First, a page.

Data work can take a long, long time. Once you’ve moved beyond small scale projects, you just have to get used to doing something else while your machine chugs away at cleaning, preparing, or analyzing your data. And since most of the time you have to try a few things to see what comes out, you’ll have to do sit and wait through multiple rounds of each step.

But a lot of people make it worse by doing one of two things: either they have one big script which they re-run from start to finish every time they make a change, or they run each step on-demand (say, in an Jupyter notebook), and mentally keep track of what they need to do in what order.

The first is bad because every single run will take the whole run time, and your life will be swallowed up in waiting. The second is bad because you have to depend on yourself to keep what can be a pretty intricate map of your analysis flow in your head.

The Unix utility Make provides a better solution. Make is the old standard build system, designed to help with the compilation of large programs. Just like with data projects, compiling large programs takes forever, has a variety of smaller steps where you might need to go back and edit something, and has a web of dependent steps you might need to re-run depending on what you’ve changed. In other words: it’s a perfect fit.

What’s more, Make helps you keep your steps separate computationally, which helps you keep them clear conceptually. You don’t even have to use the same language with each step: I’ve had occasion to mix Python, Scala, and Stata in the same project,1 and make made that much less painful.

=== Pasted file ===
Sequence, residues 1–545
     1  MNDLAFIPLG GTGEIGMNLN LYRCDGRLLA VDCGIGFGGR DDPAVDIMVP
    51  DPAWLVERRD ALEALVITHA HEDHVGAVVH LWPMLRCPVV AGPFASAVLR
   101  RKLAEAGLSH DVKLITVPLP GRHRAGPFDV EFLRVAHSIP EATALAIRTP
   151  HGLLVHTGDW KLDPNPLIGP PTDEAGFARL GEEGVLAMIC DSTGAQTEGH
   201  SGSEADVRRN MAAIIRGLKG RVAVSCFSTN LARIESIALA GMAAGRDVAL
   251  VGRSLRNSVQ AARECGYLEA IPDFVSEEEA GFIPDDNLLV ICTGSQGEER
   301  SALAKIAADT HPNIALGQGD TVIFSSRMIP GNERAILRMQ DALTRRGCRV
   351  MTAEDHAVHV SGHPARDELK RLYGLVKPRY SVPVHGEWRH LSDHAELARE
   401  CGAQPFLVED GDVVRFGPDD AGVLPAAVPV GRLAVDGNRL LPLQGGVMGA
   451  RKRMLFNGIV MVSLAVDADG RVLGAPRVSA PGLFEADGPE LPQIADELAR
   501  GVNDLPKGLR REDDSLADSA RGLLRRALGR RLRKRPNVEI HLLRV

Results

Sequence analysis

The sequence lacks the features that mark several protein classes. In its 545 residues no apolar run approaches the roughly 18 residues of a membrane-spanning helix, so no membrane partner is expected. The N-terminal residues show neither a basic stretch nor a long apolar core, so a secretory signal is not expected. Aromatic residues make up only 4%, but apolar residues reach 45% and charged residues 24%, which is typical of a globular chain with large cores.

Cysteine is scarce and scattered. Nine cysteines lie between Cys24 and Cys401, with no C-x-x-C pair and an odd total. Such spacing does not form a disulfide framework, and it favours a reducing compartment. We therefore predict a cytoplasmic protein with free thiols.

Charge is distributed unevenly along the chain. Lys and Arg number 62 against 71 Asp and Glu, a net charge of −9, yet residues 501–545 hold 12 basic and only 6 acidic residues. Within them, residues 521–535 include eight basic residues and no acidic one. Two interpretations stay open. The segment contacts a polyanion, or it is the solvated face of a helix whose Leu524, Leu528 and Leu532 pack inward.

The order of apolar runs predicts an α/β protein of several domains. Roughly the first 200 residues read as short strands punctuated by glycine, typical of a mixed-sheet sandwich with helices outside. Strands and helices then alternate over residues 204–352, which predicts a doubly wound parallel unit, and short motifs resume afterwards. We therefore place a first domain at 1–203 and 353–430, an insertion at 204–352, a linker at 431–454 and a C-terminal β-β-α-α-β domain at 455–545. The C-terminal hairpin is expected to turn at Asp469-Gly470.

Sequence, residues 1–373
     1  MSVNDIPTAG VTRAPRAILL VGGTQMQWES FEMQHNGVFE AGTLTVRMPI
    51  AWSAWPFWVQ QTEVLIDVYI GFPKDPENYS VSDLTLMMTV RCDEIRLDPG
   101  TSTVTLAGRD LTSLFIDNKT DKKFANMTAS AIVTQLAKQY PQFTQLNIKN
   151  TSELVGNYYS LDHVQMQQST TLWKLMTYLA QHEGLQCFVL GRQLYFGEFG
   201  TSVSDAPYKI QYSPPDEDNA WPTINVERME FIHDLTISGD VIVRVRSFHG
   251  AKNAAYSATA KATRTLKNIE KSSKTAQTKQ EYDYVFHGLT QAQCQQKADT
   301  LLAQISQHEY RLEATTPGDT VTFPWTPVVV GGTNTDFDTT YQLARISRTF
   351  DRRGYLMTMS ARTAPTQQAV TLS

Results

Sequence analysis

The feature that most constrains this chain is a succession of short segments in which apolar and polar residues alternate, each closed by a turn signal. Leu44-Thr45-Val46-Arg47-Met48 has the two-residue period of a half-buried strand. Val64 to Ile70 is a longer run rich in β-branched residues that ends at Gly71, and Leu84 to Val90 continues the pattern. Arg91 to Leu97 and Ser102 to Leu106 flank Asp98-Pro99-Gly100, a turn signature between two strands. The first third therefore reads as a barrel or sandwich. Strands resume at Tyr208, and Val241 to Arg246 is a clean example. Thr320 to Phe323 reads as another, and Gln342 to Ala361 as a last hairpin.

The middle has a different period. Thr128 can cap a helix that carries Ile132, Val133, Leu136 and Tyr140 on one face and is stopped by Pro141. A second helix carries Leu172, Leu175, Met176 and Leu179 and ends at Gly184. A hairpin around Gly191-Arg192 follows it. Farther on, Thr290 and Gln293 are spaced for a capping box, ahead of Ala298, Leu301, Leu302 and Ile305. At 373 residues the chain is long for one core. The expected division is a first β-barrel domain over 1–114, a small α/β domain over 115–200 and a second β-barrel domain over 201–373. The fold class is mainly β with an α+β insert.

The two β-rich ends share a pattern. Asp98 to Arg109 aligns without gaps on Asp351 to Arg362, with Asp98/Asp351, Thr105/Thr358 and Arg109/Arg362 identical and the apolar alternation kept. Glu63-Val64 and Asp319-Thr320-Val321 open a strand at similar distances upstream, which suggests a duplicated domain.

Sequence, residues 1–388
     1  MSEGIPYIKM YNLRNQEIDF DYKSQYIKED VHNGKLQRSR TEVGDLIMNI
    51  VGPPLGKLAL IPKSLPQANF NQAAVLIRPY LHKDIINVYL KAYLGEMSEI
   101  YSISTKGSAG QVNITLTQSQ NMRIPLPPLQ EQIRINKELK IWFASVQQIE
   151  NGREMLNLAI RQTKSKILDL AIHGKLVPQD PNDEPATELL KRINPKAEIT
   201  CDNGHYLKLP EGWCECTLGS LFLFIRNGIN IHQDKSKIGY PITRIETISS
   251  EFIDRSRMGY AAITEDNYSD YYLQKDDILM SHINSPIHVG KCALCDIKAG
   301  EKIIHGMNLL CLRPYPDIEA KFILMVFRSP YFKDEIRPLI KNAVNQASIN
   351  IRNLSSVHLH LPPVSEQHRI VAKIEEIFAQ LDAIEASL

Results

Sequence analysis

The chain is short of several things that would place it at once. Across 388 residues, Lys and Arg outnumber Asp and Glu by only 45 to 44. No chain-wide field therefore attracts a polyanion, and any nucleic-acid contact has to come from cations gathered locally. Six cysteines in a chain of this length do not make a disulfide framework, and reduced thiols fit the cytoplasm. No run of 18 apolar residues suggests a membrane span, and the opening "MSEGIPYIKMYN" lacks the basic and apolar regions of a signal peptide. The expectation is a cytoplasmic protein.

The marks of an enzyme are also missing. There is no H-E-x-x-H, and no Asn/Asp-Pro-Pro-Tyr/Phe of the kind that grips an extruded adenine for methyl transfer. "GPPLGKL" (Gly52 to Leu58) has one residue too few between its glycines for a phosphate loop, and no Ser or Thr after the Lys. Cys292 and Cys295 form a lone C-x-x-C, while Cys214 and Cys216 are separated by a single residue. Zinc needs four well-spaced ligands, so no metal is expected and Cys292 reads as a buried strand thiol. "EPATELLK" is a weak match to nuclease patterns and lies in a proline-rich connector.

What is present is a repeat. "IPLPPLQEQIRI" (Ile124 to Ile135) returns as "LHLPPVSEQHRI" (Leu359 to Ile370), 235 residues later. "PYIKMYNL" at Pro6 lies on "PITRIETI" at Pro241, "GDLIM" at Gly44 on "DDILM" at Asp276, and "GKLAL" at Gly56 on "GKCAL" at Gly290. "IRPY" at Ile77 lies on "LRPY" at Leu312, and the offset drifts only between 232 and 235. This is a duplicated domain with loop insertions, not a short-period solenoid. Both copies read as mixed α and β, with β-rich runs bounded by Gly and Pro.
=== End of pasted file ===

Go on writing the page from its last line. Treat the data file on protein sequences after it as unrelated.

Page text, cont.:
And here’s the good news: if you’re on a Mac or Linux, it’s probably already installed. On windows, just install Gow.

So how does it work? The basic idea is, you write a makefile filled with recipes that tell you how to make a target. Each target can have dependencies, and if a dependency has been modified more recently than the target, the recipe for the target gets re-run.

So let’s say I want to classify some text in a folder, using some trainers in another folder. Both have to be prepped for analysis, using a script in my scripts subdirectory. I might put the following recipe in my makefile:

data/clean/trainers.csv: scripts/clean_text.py data/raw/trainers
    python -o data/clean/trainers.csv scripts/clean_text.py data/raw/trainers

What’s going on here? The file before the colon is the target, the thing we’re trying to make. The files after are dependencies, things that need to be made before the target. The line beneath, which is indented by a tab—yes, a tab—is the command that makes the file. Now, if we were to run make data/clean/trainers, make would check to see if either the clean_text.py script or the trainers directory2 had been modified more recently than the output file, and if so, it would run the script to create the file.